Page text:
Burntwood has always been associated with Woodhouses and Edial, or Edgehill (Edial) as it was once known.

The name Burntwood or 'Brendewood' derives from the burning of a heath in Cannock Forest by the vill (township) of Hammerwich; the forest proceedings in 1296 mentions the incident.  This is the first mention of Burntwood in history.  The name Burntwood was in use by 1298 when the Bishop of Coventry and Lichfield had 300 acres of common pasture in 'Brendewoode'.

Christ Church, Church Road, Burntwood

The next important change in the history of the area came with the Reformation, when much of the surrounding land changed hands.  The land was taken from the Bishop of Coventry and Lichfield and sold to Sir William Paget in 1546.  The Pagets remained the major landowners until this Century.

The manor of Pipe existed by 1135.  This lies within the present Burntwood boundary.  Pipe remained a member of the bishop's manor of Longdon, which in 1546 passed to the Paget family (successively Barons Paget, Earls of Uxbridge and Marquises of Anglesey).  Pipe was still a member of Longdon manor in the 1850's.  It covered Edial and Woodhouses but did not include Burntwood, which was part of the Longdon manor.

Fulfen on Rugeley Road was an inhabited area by the 1530's.  The Nags Head Inn at the junction of Rugeley Road and Nether Lane existed by 1799 and probably by 1775.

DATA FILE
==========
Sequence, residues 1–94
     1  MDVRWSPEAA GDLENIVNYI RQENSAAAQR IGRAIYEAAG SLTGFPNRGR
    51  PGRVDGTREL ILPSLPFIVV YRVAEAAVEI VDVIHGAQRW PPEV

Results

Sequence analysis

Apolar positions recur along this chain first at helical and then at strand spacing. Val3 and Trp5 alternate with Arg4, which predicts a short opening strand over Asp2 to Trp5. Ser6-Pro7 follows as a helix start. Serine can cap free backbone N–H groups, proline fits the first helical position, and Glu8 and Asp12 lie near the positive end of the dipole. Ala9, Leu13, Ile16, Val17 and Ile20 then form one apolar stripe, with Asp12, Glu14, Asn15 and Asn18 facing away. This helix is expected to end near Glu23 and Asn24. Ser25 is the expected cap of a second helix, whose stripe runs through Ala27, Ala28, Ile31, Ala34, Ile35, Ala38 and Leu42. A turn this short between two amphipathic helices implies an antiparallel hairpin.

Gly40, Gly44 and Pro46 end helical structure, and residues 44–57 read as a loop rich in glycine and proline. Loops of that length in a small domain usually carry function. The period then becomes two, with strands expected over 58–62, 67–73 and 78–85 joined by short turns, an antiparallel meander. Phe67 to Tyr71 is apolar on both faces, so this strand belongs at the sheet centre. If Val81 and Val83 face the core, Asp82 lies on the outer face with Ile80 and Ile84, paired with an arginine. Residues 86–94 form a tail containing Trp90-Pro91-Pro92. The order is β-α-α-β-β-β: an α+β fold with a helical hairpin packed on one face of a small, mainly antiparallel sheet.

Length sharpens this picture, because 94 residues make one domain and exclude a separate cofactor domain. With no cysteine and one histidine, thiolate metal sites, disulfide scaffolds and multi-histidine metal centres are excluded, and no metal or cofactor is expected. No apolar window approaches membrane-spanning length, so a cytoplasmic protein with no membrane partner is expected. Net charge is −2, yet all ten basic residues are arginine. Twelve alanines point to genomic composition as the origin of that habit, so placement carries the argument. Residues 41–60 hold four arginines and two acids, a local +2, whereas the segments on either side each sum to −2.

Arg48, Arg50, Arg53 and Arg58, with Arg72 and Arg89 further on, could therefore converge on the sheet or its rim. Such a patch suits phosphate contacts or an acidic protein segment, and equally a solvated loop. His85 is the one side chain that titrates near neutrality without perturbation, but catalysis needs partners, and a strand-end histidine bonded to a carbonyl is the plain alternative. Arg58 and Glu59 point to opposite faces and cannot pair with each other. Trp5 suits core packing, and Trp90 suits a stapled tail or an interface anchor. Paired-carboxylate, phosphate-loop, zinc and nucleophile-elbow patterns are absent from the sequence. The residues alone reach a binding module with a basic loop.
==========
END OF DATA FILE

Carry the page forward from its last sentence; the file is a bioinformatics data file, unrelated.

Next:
Burntwood Park

Maple Hayes became an important house within the Burntwood boundary.  Atkinson, Sheriff of Staffordshire 1828-9, was living at Maple Hayes by 1812 and built up a collection of paintings and other art there.  In 1884 the house and 455 acres was sold to Albert Octavius Worthington, a partner in the Burton on Trent brewing firm of Worthington & Co.  He was succeeded in 1918 by his son William Worthington, who died in 1949, leaving 1,540 acres.

Woodhouses originated as a clearing in the woodland, and the place name 'Woodhousleye' is found in the area in 1374.  Woodhouse Green was mentioned in 1433.  A county lunatic asylum was opened in 1864 on Hobstone Hill northwest of Woodhouses.  A way at Hobbestone was mentioned in 1392.

The hamlet of Edial developed along the stretch of the Lichfield road each of Burntwood known by 1409 as Edial Lane.  In 1666, 16 people in Edial were assessed for hearth tax; the population was 225 in 1841 and 222 in 1851.

Edial Hall, Edial is celebrated as the house in which eminent lexicographer, Samuel Johnson, LLD opened an academy in 1736, but not meeting sufficient encouragement he moved to London with David Garrick.